This week, as part of our new "Infosec Influencer" series, I had the pleasure of sitting down with Bruce Schneier, an internationally renowned security technologist and one of The State of Security's Top Influencers in Security You Should Be Following in 2015
. He has written 12 books, including Liars and Outliers: Enabling the Trust Society Needs to Thrive
, not to mention published hundreds of articles and essays. His blog has is read by over 250,000 people, and he is regularly quoted by the press. Additionally, he regularly testifies before Congress and is an advisory board member for EFF and EPIC, among other organizations.
David Bisson: What made you decide to get into the field of information security?
I have always been interested in cryptography and have long pursued it as a hobby. I got into the field almost by accident though. I was writing freelance computer articles for a living and found that I enjoyed writing cryptography articles for the magazine Dr. Dobb's Journal
. My first book, Applied Cryptography
, came from that. I basically wrote the modern cryptography book I wanted to read. After that, it just snowballed. I am a generalist: what I think of as a meta-meta-meta guy. So after cryptography, I started writing about computer and network security, then security technology in general, then the economics and psychology of security, and now both the sociology and politics of security.
Along the way, I founded Counterpane Internet Security, Inc.
, a company that focused on managed security monitoring. And now I am the CTO at Resilient Systems, Inc.
, a company that makes incident response management software.
DB: Why did you go on to become a cryptographer and then a security blogger? What are the challenges/successes associated with these paths?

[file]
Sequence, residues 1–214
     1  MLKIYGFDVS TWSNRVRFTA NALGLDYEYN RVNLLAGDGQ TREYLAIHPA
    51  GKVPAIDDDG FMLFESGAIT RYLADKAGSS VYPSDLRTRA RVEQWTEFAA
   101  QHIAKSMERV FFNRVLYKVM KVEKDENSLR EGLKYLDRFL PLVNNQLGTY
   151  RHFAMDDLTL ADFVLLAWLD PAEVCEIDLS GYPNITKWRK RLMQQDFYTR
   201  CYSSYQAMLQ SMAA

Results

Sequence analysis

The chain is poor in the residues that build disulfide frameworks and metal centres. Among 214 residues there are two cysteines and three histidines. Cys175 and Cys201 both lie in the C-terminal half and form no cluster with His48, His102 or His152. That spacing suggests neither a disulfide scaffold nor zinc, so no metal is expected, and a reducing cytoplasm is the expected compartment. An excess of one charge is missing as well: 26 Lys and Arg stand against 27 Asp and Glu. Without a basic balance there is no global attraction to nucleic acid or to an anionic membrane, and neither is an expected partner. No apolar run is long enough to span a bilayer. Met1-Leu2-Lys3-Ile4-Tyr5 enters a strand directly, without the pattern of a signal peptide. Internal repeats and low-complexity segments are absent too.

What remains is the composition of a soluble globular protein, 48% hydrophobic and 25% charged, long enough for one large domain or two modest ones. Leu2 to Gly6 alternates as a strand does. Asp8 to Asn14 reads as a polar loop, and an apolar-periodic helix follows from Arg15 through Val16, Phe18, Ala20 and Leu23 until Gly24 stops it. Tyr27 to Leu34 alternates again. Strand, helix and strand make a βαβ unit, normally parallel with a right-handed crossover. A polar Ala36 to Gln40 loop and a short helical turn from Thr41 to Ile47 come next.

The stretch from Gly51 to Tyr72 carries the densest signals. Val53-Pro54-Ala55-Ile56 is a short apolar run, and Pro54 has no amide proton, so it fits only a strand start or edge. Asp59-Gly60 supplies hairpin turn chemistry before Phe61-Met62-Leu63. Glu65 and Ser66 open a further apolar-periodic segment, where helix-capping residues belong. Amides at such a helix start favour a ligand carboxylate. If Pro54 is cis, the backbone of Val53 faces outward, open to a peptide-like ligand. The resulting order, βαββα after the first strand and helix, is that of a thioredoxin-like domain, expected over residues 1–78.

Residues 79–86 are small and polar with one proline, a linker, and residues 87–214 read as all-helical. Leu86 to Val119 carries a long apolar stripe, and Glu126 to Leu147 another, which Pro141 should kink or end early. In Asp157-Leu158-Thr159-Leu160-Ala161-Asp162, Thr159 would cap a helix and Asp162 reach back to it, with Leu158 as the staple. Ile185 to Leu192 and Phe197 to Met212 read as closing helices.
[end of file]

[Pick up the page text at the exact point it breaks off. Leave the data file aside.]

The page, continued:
The paths I chose are very different. The first is math, and the second is writing. Most people who are good at one are not very good at the other. But there’s huge value in being good at both: the world needs technical people who can explain things to a non-technical audience. So many of the major problems our society faces have a technical aspect, and there is such broad mistrust of science in parts of our society today. The more we can counter that, the better off we’re all going to be.
DB: What is your biggest mistake, and what have you learned from it?
This is going to sound weird and arrogant, but I don’t think I’ve made any big mistakes. Or, at least, no mistakes that stand out in my mind. Everyone makes mistakes, and I think the most important thing is to be resilient and agile so they don’t become big.
DB: How do you feel the security industry has changed since you first started in the field?
It’s matured enormously. It’s kind of obvious for me to say that, since my first cryptography article appeared almost 25 years ago. And the security industry has grown alongside the Internet. But here’s a change that I have been thinking a lot about recently. The 1990s was the decade of prevention: all security products tried to prevent bad things from happening. Antivirus, firewalls, and so on. Of course that wasn’t enough, and the 2000s was the decade of detection. The prevention products didn’t go away, but we added things like IDSs and log monitoring services. This decade, the 2010s, is the decade of response. We’ve finally recognized that prevention and detection aren’t enough and that an organization needs to invest just as much in response. When I go to conferences these days, this is the most interesting area of security technology innovation I see.
DB: What is the most pressing threat facing computer users today? Do you have any recommendations for how users can protect themselves?
I think the most pressing threat comes from legal uses of our data. Because so much of our lives involve computers, we generate an enormous amount of data about ourselves and our actions every day. Both corporations and governments are collecting that data and using it for their own ends. I think this is a huge threat and one that we’re not going to easily mitigate. The solutions largely aren’t technical; they’re legal and political.
DB: What would you recommend to someone who is looking at a career in information security?
Do it. It’s a fun career, and there are huge demands for skilled people in every aspect of the field. Pick the specialization that interests you the most, and do it. And then when another specialization interests you more, change.
To read the first installment of our "Infosec Influencers" series, please read Parts 1 and 2 by clicking here